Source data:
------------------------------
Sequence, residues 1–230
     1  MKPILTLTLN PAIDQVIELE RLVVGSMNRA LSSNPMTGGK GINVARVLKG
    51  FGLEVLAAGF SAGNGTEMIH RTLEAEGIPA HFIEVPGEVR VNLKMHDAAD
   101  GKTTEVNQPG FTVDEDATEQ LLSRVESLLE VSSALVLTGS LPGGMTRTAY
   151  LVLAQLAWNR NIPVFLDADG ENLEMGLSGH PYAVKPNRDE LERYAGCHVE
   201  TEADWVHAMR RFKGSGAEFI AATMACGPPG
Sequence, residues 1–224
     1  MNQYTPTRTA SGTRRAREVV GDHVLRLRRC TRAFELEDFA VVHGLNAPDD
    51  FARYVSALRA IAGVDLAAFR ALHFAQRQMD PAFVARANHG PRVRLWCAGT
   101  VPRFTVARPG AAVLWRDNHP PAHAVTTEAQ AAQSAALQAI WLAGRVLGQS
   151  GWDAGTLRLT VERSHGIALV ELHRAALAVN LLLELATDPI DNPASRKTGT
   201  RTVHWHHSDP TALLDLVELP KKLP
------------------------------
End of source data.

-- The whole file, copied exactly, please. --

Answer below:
Sequence, residues 1–230
     1  MKPILTLTLN PAIDQVIELE RLVVGSMNRA LSSNPMTGGK GINVARVLKG
    51  FGLEVLAAGF SAGNGTEMIH RTLEAEGIPA HFIEVPGEVR VNLKMHDAAD
   101  GKTTEVNQPG FTVDEDATEQ LLSRVESLLE VSSALVLTGS LPGGMTRTAY
   151  LVLAQLAWNR NIPVFLDADG ENLEMGLSGH PYAVKPNRDE LERYAGCHVE
   201  TEADWVHAMR RFKGSGAEFI AATMACGPPG
Sequence, residues 1–224
     1  MNQYTPTRTA SGTRRAREVV GDHVLRLRRC TRAFELEDFA VVHGLNAPDD
    51  FARYVSALRA IAGVDLAAFR ALHFAQRQMD PAFVARANHG PRVRLWCAGT
   101  VPRFTVARPG AAVLWRDNHP PAHAVTTEAQ AAQSAALQAI WLAGRVLGQS
   151  GWDAGTLRLT VERSHGIALV ELHRAALAVN LLLELATDPI DNPASRKTGT
   201  RTVHWHHSDP TALLDLVELP KKLP